CUR TravelGuide 02.04.20 - Flipbook - Page 35
Tambú, or Curaçao blues, began as an outlet for slaves to express their
sorrow and frustration. Instruments are simple, common implements
like the ‘tambú’ (drum), ‘kachu’ (cow horn), ‘agan’ (a piece of metal or
ploughshare), and ‘chapi’ (hoe). The music is accompanied by hand
clapping, usually by women, and African dancing with asymmetrical
body movements and hip rotation. These days, tambú is popular
throughout and even the younger generation is gripped by its music.
The lyrics are often socially critical, indirect, filled with humor, double
meanings and metaphors.
The traditional sounds of Curaçao can still be heard in today’s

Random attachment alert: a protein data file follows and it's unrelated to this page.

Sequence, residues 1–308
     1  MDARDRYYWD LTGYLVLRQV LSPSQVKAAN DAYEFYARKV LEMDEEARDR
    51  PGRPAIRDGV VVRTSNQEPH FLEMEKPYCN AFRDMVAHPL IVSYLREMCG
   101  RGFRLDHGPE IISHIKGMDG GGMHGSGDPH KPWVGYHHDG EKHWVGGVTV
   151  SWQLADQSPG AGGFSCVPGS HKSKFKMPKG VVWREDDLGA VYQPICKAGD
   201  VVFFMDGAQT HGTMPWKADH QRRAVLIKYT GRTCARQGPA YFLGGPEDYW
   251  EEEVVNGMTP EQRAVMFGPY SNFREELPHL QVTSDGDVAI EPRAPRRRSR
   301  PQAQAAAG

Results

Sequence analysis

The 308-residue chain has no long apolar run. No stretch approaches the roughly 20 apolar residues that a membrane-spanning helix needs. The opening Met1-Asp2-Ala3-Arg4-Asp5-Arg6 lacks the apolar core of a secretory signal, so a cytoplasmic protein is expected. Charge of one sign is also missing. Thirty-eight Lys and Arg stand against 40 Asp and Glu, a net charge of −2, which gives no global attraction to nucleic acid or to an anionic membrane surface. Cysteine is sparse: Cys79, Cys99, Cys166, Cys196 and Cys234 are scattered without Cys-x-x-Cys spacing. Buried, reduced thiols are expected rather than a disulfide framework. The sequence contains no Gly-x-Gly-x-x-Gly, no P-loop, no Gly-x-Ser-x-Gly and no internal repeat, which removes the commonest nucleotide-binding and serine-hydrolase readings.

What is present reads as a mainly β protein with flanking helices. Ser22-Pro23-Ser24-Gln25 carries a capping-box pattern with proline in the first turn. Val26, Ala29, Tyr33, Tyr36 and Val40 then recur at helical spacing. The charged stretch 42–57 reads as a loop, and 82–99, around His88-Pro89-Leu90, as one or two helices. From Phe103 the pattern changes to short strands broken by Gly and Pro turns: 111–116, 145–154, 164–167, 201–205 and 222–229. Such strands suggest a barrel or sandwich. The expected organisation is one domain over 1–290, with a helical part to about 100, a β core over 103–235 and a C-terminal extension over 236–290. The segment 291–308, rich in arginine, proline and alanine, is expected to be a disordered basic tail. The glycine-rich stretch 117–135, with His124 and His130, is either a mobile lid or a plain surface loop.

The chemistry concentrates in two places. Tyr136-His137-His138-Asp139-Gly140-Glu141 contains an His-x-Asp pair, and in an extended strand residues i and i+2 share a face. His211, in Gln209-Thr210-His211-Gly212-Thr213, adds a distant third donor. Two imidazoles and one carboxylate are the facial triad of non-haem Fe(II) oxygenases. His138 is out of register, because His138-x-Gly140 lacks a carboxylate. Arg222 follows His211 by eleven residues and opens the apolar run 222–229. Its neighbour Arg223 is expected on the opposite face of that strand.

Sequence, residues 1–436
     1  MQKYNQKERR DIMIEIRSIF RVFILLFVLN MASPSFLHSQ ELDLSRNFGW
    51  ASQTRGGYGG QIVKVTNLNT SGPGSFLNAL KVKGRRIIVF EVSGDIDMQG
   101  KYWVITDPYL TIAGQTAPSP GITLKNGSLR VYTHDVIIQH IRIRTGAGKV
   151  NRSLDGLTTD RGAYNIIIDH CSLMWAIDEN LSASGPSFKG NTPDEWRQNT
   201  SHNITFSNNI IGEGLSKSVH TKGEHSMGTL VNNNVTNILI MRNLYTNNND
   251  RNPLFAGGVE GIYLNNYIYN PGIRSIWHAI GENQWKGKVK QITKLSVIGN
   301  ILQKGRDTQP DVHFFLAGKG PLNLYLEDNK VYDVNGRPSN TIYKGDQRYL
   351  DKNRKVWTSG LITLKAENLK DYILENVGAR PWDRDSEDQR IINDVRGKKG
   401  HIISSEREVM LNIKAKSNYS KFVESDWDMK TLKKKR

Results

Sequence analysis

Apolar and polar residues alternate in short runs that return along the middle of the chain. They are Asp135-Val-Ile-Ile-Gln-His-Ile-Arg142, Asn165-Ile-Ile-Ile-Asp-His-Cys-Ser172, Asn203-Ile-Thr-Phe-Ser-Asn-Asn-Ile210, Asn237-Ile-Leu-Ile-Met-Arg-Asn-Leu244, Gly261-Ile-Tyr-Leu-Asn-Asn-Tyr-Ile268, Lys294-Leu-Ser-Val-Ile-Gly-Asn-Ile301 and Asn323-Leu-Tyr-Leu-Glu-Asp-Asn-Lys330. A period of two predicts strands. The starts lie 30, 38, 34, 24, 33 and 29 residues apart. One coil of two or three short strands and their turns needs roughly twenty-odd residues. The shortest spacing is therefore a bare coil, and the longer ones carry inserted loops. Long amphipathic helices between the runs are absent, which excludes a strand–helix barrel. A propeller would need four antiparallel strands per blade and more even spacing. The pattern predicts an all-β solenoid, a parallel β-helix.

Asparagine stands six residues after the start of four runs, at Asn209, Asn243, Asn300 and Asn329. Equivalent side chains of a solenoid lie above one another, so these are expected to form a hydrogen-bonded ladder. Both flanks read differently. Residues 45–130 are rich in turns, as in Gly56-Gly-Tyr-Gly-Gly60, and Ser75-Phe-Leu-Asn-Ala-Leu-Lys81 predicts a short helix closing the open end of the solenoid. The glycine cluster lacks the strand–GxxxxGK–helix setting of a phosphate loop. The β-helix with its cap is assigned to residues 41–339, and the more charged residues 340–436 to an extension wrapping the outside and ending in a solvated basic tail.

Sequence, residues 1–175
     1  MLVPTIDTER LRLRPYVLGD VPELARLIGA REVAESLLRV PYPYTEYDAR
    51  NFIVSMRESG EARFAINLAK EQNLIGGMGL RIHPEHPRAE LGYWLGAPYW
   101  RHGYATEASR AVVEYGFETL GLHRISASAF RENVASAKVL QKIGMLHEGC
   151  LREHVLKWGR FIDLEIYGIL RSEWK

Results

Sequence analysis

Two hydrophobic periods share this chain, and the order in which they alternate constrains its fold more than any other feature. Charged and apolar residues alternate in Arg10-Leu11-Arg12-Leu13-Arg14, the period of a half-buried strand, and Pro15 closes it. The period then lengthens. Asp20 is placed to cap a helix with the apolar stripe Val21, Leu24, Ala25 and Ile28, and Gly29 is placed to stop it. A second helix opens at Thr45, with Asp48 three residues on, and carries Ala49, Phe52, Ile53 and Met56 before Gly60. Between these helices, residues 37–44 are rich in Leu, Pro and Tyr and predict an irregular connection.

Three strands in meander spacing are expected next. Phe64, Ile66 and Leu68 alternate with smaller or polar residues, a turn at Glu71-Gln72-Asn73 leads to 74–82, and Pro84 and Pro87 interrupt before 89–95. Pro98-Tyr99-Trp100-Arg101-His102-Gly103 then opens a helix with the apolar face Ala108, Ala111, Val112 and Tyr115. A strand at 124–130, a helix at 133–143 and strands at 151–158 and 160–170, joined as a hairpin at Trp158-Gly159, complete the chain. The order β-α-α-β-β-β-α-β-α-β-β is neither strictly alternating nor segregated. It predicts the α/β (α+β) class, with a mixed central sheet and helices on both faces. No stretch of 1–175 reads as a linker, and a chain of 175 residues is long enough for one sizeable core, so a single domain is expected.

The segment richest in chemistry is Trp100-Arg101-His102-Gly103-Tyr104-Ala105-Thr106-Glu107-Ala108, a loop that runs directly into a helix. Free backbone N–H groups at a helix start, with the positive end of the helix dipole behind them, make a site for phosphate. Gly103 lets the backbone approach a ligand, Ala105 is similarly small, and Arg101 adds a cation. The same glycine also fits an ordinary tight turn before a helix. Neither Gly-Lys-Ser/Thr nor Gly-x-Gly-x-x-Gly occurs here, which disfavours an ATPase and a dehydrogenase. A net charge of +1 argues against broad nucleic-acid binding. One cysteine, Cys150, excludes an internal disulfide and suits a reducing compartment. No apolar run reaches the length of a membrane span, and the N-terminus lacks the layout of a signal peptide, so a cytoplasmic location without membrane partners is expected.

contemporary music scene. While you’ll find plenty of local artists
performing in bars and on beaches, others are becoming world famous.
You can find internationally known Curaçaoan artists like Grammy
Award winning percussionist Pernell Saturnino, mezzo-soprano Tania
Kross, singer-songwriter Izaline Calister and pianists Wim Statius
Muller, Rudy Plaate, and Randal Corsen performing from time to time
at local venues or during the annual Curaçao North Sea Jazz Festival,
which attracts music lovers from all around the world.
CURAÇAO NORTH SEA JAZZ FESTIVAL
Each summer, a local edition of Holland’s renowned North Sea Jazz
Festival takes place in Curaçao, to the delight of locals and visitors
alike. Three days full of music spotlight local and international artists.
Previous years have seen the likes of Carlos Santana, Alicia Keys,
Sergio Mendes, John Legend, Bruno Mars, Ruben Blades, Stevie
Wonder, the late Prince, Usher and Enrique Iglesias. Who’s playing
this year? Check their website for the latest listings.
35 • people and culture